For healthier patients... doctors and hospitals substituted coronary artery bypass surgery for other cardiac surgical treatments. This shift increased expenditures, but failed to produce any measurable health benefits. For sicker patients, doctors and hospitals avoided performing cardiac surgical treatments of all types. These changes were particularly harmful, leading sicker patients to have substantially higher frequencies of heart failure and repeated heart attacks, and ultimately higher costs of care.
Health care quality report cards - such as New York's list of physician and hospital coronary artery bypass graft (CABG) surgery mortality rates -- have been the focus of an extensive policy debate. Supporters of report cards argue that they enable patients to identify the best doctors and hospitals, while simultaneously giving providers of care incentives to improve quality. Skeptics counter that report cards may give providers incentives to decline to treat more difficult, severely ill patients, in order to improve their ranking. Whether these report cards are good for patients, and society, depends on whether their financial and health benefits outweigh their costs in terms of the quantity, quality, and appropriateness of the medical treatment they induce.
In Is More Information Better? The Effects of "Report Cards" on Health Care Providers (NBER Working Paper No. 8697), authors David Dranove, Daniel Kessler, Mark McClellan, and Mark Satterthwaite examine the consequences of the CABG report cards adopted by New York (NY) and Pennsylvania (PA) in the early 1990s. They find evidence that report cards had both beneficial and harmful effects. On one hand, report cards increased the proportion of sicker cardiac patients who were treated at teaching hospitals, which may be better equipped to handle such complex cases. On the other hand, report cards led providers of medical care to shift surgical treatment for cardiac illness toward healthier and away from sicker patients. On net, though, report cards led to higher levels of resource use and worse health outcomes, especially for sicker patients. Thus, the authors conclude that - at least in the short run - these report cards decreased patient and social welfare.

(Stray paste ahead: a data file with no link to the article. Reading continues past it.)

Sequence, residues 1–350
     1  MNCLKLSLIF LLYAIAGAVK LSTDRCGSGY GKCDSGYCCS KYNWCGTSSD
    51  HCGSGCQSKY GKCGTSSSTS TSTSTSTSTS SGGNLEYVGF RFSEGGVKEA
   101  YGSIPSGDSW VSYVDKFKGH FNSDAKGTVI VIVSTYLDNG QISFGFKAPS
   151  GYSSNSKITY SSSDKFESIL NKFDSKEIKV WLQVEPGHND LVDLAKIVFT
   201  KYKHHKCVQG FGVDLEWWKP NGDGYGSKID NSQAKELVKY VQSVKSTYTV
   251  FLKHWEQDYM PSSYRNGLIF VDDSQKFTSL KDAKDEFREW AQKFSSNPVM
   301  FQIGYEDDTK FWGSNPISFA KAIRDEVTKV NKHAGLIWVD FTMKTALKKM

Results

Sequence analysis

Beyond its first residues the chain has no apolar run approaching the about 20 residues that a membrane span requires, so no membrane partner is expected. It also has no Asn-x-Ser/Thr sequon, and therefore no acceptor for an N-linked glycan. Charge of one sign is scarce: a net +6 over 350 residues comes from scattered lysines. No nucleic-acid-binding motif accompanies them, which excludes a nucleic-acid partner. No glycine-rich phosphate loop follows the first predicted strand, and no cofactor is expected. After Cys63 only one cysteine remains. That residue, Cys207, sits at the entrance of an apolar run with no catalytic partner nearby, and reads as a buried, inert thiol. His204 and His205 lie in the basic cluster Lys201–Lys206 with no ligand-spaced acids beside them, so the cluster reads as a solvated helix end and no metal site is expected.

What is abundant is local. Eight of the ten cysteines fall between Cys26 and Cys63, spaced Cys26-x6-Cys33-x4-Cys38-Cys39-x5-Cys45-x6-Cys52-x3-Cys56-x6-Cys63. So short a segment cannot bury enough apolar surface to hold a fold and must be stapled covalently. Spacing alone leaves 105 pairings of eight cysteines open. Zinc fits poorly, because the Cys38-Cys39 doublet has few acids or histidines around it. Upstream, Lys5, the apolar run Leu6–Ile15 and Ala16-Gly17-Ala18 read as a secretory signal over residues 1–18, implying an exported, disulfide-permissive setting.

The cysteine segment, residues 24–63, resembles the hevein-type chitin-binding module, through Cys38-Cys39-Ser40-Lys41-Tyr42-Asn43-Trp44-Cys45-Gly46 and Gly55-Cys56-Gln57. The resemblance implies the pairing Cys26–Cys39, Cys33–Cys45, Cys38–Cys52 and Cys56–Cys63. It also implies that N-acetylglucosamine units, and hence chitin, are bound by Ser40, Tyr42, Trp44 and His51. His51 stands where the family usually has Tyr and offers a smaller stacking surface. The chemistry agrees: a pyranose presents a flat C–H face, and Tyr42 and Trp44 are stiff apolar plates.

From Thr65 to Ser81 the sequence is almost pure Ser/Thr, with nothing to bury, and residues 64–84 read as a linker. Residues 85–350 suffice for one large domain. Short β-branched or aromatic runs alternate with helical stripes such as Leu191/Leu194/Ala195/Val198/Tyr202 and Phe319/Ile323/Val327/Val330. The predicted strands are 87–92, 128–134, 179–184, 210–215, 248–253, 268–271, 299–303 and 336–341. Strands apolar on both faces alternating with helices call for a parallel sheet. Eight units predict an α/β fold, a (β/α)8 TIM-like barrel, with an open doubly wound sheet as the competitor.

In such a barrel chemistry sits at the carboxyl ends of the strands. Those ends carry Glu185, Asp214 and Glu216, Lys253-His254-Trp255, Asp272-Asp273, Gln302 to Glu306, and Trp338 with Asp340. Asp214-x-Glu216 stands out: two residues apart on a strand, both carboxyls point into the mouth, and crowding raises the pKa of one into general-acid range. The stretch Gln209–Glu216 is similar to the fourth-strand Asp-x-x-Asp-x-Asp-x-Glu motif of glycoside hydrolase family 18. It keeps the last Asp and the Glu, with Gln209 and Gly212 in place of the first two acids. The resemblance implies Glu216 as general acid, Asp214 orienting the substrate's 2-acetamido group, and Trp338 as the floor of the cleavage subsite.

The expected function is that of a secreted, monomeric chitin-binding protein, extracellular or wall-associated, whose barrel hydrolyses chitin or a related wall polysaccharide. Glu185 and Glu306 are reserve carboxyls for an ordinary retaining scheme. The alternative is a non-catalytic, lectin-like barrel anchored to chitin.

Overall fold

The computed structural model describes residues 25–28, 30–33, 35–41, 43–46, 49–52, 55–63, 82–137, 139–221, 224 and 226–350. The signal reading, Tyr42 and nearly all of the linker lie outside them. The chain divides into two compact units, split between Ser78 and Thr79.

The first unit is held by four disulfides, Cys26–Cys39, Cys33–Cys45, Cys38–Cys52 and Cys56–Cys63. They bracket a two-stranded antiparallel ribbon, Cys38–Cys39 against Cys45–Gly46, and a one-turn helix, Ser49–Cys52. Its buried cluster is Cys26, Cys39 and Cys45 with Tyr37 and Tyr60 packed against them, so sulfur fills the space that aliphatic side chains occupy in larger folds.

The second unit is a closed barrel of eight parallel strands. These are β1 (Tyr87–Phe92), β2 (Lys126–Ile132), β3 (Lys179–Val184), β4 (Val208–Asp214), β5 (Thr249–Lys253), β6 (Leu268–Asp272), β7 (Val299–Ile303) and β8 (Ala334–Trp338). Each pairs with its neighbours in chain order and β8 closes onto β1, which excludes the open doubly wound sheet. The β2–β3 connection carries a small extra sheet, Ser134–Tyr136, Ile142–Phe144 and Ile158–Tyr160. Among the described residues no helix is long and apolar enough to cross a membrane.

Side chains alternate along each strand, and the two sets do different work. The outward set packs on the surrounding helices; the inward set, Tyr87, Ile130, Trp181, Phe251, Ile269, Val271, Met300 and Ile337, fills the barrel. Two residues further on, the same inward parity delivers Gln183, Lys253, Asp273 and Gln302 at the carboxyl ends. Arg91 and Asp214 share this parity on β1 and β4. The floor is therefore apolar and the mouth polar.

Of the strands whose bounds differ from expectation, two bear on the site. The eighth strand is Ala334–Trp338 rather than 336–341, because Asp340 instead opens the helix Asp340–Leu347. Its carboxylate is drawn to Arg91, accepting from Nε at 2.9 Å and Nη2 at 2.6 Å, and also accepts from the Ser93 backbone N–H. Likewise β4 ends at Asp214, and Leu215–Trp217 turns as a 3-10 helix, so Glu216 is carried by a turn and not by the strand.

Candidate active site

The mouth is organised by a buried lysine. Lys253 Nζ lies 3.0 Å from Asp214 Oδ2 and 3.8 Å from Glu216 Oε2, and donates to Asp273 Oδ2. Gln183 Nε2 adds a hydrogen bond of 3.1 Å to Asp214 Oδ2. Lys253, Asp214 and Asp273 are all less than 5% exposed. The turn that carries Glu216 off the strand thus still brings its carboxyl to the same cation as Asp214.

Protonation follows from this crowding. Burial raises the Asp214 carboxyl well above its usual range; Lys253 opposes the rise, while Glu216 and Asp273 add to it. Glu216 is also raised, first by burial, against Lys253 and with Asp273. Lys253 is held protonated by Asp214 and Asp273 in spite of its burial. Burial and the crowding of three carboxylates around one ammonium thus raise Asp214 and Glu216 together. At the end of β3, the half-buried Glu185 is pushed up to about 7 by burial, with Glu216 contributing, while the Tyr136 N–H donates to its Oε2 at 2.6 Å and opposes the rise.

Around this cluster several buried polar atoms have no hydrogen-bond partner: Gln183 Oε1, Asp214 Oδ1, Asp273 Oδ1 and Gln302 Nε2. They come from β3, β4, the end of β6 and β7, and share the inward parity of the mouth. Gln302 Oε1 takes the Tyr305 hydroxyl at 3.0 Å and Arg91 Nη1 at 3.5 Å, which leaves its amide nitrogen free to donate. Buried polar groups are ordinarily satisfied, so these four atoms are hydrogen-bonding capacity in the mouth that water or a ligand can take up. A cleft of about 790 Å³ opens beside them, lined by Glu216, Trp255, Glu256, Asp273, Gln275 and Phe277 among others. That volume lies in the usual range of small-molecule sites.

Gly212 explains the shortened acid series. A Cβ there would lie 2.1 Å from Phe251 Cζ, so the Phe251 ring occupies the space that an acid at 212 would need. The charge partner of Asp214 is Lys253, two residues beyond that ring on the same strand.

To assess competing claims about the efficacy of report cards, the authors estimate the effects of report cards on essentially all U.S. elderly heart attack (acute myocardial infarction, or AMI) patients and all elderly patients receiving CABG surgery from 1987 through 1994. They compare the trends in treatments, cost, and quality of care after the introduction of report cards in NY and PA to the trends in other states.
The authors document an important benefit from report cards: increased sorting of patients to providers on the basis of the severity of their illness. Hospitals in NY and PA experienced declines in within-hospital variation in their patients' health status, with those two states' teaching hospitals picking up an increasing share of patients with more severe illness. However, they also find an important cost: substantial selection by providers. Report cards led to a decline in the illness severity of patients receiving CABG in NY and PA relative to patients in states without report cards, as measured by hospital utilization in the year before surgery. In addition, report cards led to substantial declines in other intensive cardiac procedures for both relatively healthy and sick AMI patients.
For healthier patients, then, doctors and hospitals substituted CABG for other cardiac surgical treatments. This shift increased expenditures, but failed to produce any measurable health benefits. For sicker patients, doctors and hospitals avoided performing cardiac surgical treatments of all types. These changes were particularly harmful, leading sicker patients to have substantially higher frequencies of heart failure and repeated AMIs, and ultimately higher costs of care.
The design of report cards offers a distinctive challenge: how to take advantage of the benefits to patients of enhanced information, while avoiding the adverse incentives for doctors and hospitals that the publication of the information may create. Because report cards are not unique to health care -- school performance reports raise the same issues -- the authors conclude that the debate over report cards is likely to continue.